Our friends at Condé Nast Traveler have featured Murray’s as the go-to spot for a cheese fix! They stopped by our Bleecker St. store to meet our mongers and get a little insight into the passion instilled in each of these cheese wranglers. Check out this fun little video they made:
There’s an apocryphal story starring this unassuming looking cheese – so pungent, so stinky when its scent is allowed to waft through the air, it was apparently banned from being transported on the Paris Metro. There’s no truth behind it, of course, as Epoisses has always been considered one of France’s greatest traditional cheeses. But it’s a great story nonetheless. AOC protected – meaning that only certain areas in France can make Epoisses as we know it – this washed rind cheese is practically French royalty. Even Napoleon was a fan of this rosy beauty. And you can find it at Murray’s!
This unctuous, pasteurized cow’s milk round comes far from Burgundy, France to join us in our shops, and we’re glad it made the trip. This cheese dates back to the sixteenth century, and was popular all the way up until the early 1900s, when over 300 farms were making Epoisses. But when the Second World War hit France, production almost completely died out. It was nearly a decade after the war had ended before Epoisses was made again. Now, the cheese is just as treasured as it once was, returned to its pre-war glory.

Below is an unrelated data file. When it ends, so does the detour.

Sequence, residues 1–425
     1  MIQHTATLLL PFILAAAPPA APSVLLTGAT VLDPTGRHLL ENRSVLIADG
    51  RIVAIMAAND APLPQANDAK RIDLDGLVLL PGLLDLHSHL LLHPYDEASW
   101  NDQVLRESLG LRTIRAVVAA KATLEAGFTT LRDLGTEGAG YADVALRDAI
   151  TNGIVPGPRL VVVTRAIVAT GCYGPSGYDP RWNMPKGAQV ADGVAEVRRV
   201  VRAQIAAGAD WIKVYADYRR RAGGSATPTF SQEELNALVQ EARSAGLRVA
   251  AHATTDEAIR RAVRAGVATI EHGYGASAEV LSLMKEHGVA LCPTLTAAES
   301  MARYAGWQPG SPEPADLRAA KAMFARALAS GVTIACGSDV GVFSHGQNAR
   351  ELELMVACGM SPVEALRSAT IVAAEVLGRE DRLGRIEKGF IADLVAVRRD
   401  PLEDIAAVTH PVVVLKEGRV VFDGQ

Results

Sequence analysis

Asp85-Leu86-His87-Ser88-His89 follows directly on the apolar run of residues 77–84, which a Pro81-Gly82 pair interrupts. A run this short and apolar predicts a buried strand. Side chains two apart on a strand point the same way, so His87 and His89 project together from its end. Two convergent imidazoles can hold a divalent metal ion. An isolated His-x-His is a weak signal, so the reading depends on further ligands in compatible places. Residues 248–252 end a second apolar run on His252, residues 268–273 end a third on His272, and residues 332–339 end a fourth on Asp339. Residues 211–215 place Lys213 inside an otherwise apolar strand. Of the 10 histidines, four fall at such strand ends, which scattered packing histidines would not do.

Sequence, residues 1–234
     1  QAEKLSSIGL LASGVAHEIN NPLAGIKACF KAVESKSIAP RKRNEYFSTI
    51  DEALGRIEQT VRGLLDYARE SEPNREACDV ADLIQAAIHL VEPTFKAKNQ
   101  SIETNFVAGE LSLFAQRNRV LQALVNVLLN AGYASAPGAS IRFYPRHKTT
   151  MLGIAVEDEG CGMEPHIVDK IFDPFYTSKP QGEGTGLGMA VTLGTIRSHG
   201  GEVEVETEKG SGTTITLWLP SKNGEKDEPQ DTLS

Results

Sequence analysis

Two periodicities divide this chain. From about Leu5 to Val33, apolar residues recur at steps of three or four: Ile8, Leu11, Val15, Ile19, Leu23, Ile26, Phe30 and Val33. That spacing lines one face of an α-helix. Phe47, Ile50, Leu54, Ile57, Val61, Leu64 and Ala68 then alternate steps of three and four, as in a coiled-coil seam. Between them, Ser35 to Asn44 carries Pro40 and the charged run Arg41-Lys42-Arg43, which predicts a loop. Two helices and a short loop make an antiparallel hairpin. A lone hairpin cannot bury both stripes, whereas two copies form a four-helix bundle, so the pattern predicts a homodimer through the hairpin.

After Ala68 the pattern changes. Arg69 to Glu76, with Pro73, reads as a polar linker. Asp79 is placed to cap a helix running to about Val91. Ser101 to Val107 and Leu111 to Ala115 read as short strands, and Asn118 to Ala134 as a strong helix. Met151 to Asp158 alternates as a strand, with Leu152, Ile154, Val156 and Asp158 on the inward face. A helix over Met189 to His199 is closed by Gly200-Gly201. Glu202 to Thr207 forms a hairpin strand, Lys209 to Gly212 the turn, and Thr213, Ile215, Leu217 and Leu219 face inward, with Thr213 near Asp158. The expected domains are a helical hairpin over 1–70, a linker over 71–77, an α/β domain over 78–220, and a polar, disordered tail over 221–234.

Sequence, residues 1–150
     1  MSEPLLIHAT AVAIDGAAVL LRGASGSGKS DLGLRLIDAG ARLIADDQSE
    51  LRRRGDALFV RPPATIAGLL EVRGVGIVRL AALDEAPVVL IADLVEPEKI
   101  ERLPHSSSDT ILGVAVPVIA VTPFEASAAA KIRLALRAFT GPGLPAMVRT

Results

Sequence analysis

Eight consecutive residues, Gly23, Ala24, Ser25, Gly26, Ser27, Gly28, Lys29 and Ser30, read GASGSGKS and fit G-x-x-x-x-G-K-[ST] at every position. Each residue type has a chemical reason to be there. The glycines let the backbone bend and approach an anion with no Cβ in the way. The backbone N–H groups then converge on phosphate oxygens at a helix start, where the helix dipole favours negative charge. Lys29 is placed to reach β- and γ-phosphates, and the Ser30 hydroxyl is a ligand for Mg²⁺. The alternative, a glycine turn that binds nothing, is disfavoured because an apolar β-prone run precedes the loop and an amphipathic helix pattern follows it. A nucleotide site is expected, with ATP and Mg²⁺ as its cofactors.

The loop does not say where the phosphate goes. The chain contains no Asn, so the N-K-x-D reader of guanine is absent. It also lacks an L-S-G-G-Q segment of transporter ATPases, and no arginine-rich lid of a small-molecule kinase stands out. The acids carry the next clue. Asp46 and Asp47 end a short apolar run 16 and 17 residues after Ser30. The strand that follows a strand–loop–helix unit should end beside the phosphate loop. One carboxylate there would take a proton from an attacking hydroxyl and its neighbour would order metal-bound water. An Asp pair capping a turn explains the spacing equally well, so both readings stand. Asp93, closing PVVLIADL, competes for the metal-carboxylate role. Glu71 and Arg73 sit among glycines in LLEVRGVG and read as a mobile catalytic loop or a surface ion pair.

To get its signature funk, this cheese’s curd are carefully hand-ladled into forms, then dry salted. Taking a turn in a French cave, it is washed daily in a mixture of water and a pomace brandy, which helps to develop its signature funk and rosy orange complexion. Flavorwise, it adds bacony, woodsy notes to each delectable bite.
When Epoisses arrives stateside, it has only been aging for a month or so, and should be so gooey and creamy that you can practically slurp up the paste. This custardy bacon bomb even gets shipped in a little wooden box – all you have to do is simply slice into the wheel, then spoon onto a crusty baguette. Or just start dunking into the paste – you’ll be happy you did. A fairly photogenic cheese, right?